[Book Review] Jonah Berger Unveils the Hidden Power of Words

 ” Saying you ‘recommend’ rather than ‘like’ something makes people 32 percent more likely to take your suggestion.”

“Adding more prepositions to a cover letter makes you 24 percent more likely to get the job.”

“And saying ‘is not’ rather than ‘isn’t’ when describing a product makes people pay three dollars more to get it.”

Source:  HarperCollins PublishersThese are just a few examples of the power of language cited by Jonah Berger in his latest book, Magic Words:  What to Say to Get Your Way (HarperCollins Publishers, 2023).

Jonah Berger is a professor of marketing at the University of Pennsylvania’s Wharton School and the best-selling author of Contagious, Invisible Influence, and The Catalyst. 

He has published over 80 articles in top-tier academic journals, and his work is frequently covered in popular media outlets like The New York Times and Harvard Business Review.

Berger is a recognized authority in the field of consumer language research, which can be generally defined as research concerned with the language used and consumed by marketplace participants such as consumers and marketers.

Recent advances in natural language processing and machine learning, together with affordable access to massive computing power, have raised interest in the field of consumer language research and made larger, more meaningful studies technologically feasible and economically practical.

Most marketers recognize that effective content is essential for marketing success. However, marketers don’t always realize that minor changes in the specific words they use can have a major impact on content effectiveness. Magic Words is a worthwhile read because it raises marketer awareness of this important topic. 

What’s In the Book

Jonah Berger spells out his rationale for writing Magic Words in the Introduction.

“. . . while we spend a lot of time using language, we rarely think about the specific language we use. Sure, we might think about the ideas we want to communicate, but we think a lot less about the particular words we use to communicate them . . .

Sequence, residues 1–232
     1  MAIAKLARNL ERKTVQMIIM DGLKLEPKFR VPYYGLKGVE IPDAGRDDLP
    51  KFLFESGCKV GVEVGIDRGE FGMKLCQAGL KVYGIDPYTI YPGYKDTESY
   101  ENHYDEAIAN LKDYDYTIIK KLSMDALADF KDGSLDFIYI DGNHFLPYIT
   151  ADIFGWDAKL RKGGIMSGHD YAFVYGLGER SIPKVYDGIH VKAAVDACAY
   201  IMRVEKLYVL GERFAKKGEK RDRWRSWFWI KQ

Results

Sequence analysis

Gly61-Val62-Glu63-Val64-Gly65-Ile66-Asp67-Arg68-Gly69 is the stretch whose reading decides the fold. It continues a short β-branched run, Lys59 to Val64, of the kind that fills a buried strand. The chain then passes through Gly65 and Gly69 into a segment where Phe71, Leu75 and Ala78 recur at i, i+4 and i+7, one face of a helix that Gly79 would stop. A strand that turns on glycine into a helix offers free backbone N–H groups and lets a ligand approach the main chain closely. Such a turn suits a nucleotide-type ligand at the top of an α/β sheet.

The right words, used at the right time, can change minds, engage audiences, and drive action . . .

This book uncovers the hidden science behind how language works and more important, how we can use it more effectively.”

(Emphasis in original)

Berger devotes most of the book to a discussion of six categories of magic words. Specifically, he focuses on words that:

Activate identity and agency (Chapter 1)Convey confidence (Chapter 2)Ask the right questions (Chapter 3)Leverage concreteness (Chapter 4)Employ emotion (Chapter 5)Harness similarity (and difference) (Chapter 6)

In Chapter 7 of Magic Words, Berger argues that words “. . . not only influence and affect the people who listen to or read them, they also reflect and reveal things about the person (or people) who created them.” (Emphasis in original) Therefore, he contends, language science techniques can be used to detect and reveal societal beliefs and biases.
Chapter 5 of Magic Words exemplifies the kinds of insights found throughout the book. In this chapter, Berger explores why emotional language enhances engagement in most circumstances. He discusses the value of tapping into both positive and negative emotions and why it’s important to move frequently between positive and negative emotions whenever possible. He also explains why creating some uncertainty can enable your content to hold attention.
My Take
Magic Words is a thought-provoking book that would be useful for anyone who needs to communicate more effectively and persuasively. The fact that just about everyone has this need at least occasionally explains the widespread appeal and popularity of the book.
Magic Words is a particularly valuable resource for people like marketers and salespeople whose professional success is largely dependent on their ability to be effective and persuasive communicators.
The book is also an easy read because Jonah Berger’s writing style is engaging. He is an academic with the rare ability to make a complex topic accessible to a non-academic audience. He uses real-world examples and anecdotes throughout the book that any reader can relate to.
One of the book’s most important lessons for marketers is that the “magic words” discussed in the book aren’t equally magical in all circumstances. Which words will work best depends on the context in which the words are used.
In Chapter 4, for example, Berger writes that concrete words are usually more effective than generic words. Concrete language signals that you understand the specific needs of a prospect or customer, and it makes your message easier to understand and more memorable. However, Berger also writes that abstract language often works better when the goal is to convey the potential of an idea, a new product, or a new business.
In every category of the magic words he discusses, Berger points out that there are “exceptions to the rule,” or more accurately, that some circumstances will call for a different, and perhaps contradictory, approach.
So, in the end, Magic Words does two things that make it a valuable read for marketers. First, it demonstrates the power of specific language choices. And second, it reinforces the over-arching principle that context should ultimately dictate the choices you make. If you’re involved in creating content, Magic Words should be on your reading list.

About the Author

Leave a Reply

Your email address will not be published.

You may also like these